Nearly 30% of American drivers have ignored their ‘check engine’ light for a month or more!

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Research commissioned by Jiffy Lube and conducted by OnePoll examined the issues Americans commonly experience in their vehicle and how quickly we deal with them. (Photo by William Krause on Unsplash)

One in seven motorists is driving around with a potentially serious issue in their vehicle, according to new research.

From mysterious rattles to burnt-out headlights and fluid leaks — it’s perhaps no surprise that two in five drivers feel it’s ‘just a matter of time’ before their vehicle breaks down.

A study examining the diagnostic abilities of 2,000 American drivers found the average car currently has three things that don’t function as they should.

A rattling noise (17 percent), squeaky brakes (15 percent) and the “check engine” light on (15 percent) were the most commonly identified problems.

But that may be expected — for those who’ve had their “check engine” light come on, 29 percent admit to ignoring it for a month or more before actually bringing their car to the shop.

Commissioned by Jiffy Lube and conducted by OnePoll in advance of summer road trip season, the survey examined the issues Americans commonly experience in their vehicle and how quickly we deal with them.

Results found that 62 percent of respondents have experienced a breakdown — and in the past year, the average respondent has encountered two flat tires and ran completely out of gas twice.

Thirty-nine percent feel relief when they arrive at their destination and 32 percent thank their car when they get somewhere safely.

But while we might not have absolute faith in our vehicles, results show Americans have faith in themselves — as 54 percent feel they can successfully self-diagnose issues in their car.

Twenty percent of respondents say they’re the first to look at their car when something goes wrong, followed by asking their significant other (18 percent).

They might be able to self-diagnose, but many Americans aren’t able to fix the issues themselves. Twenty-one percent of respondents don’t know how to change a flat tire and 19 percent don’t know how to jumpstart their car.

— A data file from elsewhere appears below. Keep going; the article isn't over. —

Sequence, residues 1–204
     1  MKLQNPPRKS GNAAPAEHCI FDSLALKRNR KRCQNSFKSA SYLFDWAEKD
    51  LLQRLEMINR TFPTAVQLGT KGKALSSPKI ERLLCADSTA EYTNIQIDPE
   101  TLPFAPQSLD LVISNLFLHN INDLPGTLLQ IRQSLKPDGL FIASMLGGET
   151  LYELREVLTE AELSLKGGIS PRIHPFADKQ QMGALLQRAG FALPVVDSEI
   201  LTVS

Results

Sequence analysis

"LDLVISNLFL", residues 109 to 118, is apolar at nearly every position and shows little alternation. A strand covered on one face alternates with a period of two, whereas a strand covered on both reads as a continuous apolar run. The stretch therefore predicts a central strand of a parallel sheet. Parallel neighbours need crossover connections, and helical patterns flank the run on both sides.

Some people are, perhaps, more realistic about their knowledge when it comes to vehicle maintenance, and 40 percent say the first to take a look when something stops working is a service technician.

The average respondent last took their car to a service center or dealership just over six months ago — but they may not have had everything checked.

While it’s recommended to have brakes checked twice a year, a third of respondents haven’t had their brakes checked by a service technician in more than six months.

For those who aren’t taking their car to the shop often enough, the top reasons are not being able to afford having their car looked at or fixed (27 percent), believing there’s nothing wrong with their car (26 percent) and not having enough time (21 percent).


  1. A rattling noise 17%
  2. The brakes squeak or grind 15%
  3. The “check engine” light is on 15%
  4. Cracked windshield 14%
  5. A leak 14%
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  1. Feel relief when I arrive at my destination 39%
  2. Thank my car when we get somewhere safely 32%
  3. Talk to my car as I drive 28%
  4. Will my car to make it 20%
  5. Have a lucky charm in my car 19%
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  1. I can’t afford to have my car looked at/fixed 27%
  2. I don’t believe there’s anything wrong with my car 26%
  3. I don’t have enough time 21%
  4. I’m confident in my ability to fix my car 19%
  5. I don’t trust technicians 15%

>> Download the video & infographic for this research story <<

NOTE: All news copy and multimedia on this SWNS account is free to use as you see fit. Where research has been conducted, we ask that you credit the company which commissioned it.

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